Parsley for Gout

Gout and Parsley

Parsley: Should it be in your gout diet?

Parsley has been cultivated for over 2000 years and is native to the Mediterranean region of Southern Europe. Parsley was first used as medicine before being consumed as a food. Parsley is a part of the carrot family and you’ll usually find two types, the curly parsley or Italian parsley also known as flat leaf. Parsley is mostly known as a food garnish for seasonings, salads or soups but this herb goes further than that by offering health benefits and benefits to gout sufferers.

Parsley is low purine, fat-free providing only 3 calories per 2 tablespoons of the herb and it’s very low in sodium which is great for people who suffer from heart conditions, high cholesterol and high blood pressure. Furthermore, parsley is rich in many vitamins that your body needs like Vitamin C, B12, K, A and minerals like folic acid, iron, magnesium and potassium. This means parsley does all kinds of good things to your body like keeping your immune system strong, maintains strong bones, heals your nervous system, maintains good eyesight and proper blood clotting in your body, it even freshens your bad breath!

Parsley for your gout

So how does parsley relate to my gout condition you ask? Like celery, parsley acts as a natural diuretic which can help your body flush out excess uric acid from your bloodstream through your kidneys and urinary tract, thus supporting kidney function. It helps to facilitate in the passing of the kidney stones, again from the diuretic effect that parsley produces which essentially means that it increases the excretion of fluid in the urinary tract, cleansing the body of those dreaded kidney stones. Note also that parsley is a acid-alkaline food that is good for your body’s pH level, that’s good for your gout. Chlorophyll gives parsley, and other green plants, its green color and chlorophyll, together with parsley’s minerals (calcium, zinc, magnesium, and especially potassium), to promoting parsley as an alkaline-effect food.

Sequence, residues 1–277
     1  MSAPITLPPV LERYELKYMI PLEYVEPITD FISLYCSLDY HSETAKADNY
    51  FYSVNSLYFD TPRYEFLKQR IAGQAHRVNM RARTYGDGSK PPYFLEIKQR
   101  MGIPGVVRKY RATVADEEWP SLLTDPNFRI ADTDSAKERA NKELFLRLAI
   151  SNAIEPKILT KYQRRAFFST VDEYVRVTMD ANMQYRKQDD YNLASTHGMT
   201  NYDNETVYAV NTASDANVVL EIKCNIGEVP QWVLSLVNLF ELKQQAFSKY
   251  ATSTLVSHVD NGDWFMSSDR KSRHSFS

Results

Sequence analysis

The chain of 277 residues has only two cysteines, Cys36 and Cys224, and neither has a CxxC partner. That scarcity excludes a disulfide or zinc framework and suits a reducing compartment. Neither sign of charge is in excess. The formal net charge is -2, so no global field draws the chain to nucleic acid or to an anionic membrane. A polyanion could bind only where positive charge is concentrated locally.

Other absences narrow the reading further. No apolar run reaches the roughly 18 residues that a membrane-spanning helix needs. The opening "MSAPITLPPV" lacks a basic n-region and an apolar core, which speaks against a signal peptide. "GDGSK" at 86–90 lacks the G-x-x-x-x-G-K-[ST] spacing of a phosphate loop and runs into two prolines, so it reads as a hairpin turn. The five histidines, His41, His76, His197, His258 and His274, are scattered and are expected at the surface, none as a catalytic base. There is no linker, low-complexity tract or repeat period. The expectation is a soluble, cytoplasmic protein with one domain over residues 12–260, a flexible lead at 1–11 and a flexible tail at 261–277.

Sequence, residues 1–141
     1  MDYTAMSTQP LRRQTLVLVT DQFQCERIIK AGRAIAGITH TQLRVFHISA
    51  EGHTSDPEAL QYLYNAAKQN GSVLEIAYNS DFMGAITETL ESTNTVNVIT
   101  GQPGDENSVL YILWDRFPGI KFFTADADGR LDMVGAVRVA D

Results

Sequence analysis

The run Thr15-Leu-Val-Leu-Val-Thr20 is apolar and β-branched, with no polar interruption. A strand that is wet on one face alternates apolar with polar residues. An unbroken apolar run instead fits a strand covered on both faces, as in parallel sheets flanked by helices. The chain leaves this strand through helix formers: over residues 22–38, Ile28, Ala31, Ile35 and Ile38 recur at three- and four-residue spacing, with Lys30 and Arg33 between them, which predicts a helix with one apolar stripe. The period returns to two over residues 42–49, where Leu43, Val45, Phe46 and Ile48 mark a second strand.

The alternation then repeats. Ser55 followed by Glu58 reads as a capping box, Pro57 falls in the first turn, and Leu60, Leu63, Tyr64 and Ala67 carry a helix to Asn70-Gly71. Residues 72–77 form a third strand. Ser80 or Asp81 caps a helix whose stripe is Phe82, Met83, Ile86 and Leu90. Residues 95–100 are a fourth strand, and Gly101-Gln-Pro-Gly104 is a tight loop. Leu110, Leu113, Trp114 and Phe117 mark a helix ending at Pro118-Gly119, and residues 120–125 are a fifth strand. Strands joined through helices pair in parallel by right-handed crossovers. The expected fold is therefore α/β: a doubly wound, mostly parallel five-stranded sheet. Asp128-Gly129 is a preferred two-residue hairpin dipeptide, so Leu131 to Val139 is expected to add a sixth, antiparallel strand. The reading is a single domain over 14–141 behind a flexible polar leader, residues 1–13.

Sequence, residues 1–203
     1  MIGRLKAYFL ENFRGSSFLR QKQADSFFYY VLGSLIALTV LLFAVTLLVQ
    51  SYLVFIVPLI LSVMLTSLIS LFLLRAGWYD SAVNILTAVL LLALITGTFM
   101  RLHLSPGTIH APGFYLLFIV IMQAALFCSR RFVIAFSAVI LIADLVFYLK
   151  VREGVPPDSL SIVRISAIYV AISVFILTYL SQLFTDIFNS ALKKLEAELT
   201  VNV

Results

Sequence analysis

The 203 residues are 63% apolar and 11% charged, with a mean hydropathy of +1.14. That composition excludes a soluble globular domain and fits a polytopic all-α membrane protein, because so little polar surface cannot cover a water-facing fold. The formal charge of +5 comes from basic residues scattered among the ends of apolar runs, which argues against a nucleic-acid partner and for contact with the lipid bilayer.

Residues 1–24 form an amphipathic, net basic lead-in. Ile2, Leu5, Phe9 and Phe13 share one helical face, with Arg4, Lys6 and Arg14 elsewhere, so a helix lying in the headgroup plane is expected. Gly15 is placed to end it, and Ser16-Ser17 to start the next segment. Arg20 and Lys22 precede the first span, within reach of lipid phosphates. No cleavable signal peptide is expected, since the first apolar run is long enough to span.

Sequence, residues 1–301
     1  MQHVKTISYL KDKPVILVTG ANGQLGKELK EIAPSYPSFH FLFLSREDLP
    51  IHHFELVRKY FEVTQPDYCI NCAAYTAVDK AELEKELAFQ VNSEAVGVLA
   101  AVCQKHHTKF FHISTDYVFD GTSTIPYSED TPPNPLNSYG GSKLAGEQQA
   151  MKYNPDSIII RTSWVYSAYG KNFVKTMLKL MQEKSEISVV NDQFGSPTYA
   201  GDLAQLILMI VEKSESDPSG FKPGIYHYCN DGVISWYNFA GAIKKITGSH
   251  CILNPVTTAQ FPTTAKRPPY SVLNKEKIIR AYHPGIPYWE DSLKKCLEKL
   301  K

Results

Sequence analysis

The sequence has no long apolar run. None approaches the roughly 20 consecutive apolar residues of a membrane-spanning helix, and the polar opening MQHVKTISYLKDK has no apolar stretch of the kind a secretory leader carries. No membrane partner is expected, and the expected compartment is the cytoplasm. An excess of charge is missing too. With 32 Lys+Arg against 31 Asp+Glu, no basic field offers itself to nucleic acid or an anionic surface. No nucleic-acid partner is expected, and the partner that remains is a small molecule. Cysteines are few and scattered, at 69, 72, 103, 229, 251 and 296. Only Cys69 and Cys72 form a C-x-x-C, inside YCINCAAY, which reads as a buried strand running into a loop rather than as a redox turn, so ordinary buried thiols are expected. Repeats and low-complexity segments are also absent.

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Apigenin: Potential for a gout cure?

A certain bioflavonoid flavone in parsley called apigenin is responsible for all the action in lowering uric acid in your body and it’s still being researched as a potential gout cure. In a study it has been found that apigenin inhibits xanthine oxidase or XO; which is the enzyme responsible for converting purines into uric acid, the same way the drug allopurinol works. Another flavonoid called luteolin has also been found to be an inhibitor of xanthine oxidase, but a rather weak one. Other studies have found it to be a strong inflammatory. You can use parsley daily to in order to get relief from joint pain. Note parsley’s folic acid also lowers uric acid but in 100 grams of parsley it is not considered enough. If you don’t like the taste, you can consider parsley supplements.

So don’t use parsley as food decoration, make sure to include it in your gout diet and make sure to talk to your doctor if you plan on using parsley to manage uric acid levels since in some people it may cause side effects such as nausea, headaches, hives and even liver damage in some cases.

Posted by Spiro Koulouris

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7 Comments

  • Voilla

    Reply Reply May 20, 2017

    How can we use parsley?

    • There are many recipes you can Google that you can add parsley. You can it with quinoa, couscous, salads etc…

  • Spiro

    Reply Reply March 11, 2014

    Not much, just add some in your salad or any other dish. I’m not saying that parsley alone will ward off gout but an overall good gout diet should include parsley but it’s definitely not a cure-all, no one food alone is but a diet in low purines, little meat and fat with 80% carbohydrates in fruits, vegetables, nuts, whole wheat breads, whole wheat pasta, rice etc…

  • Joern

    Reply Reply March 3, 2014

    How much parsley must be consumed to ward off gout?

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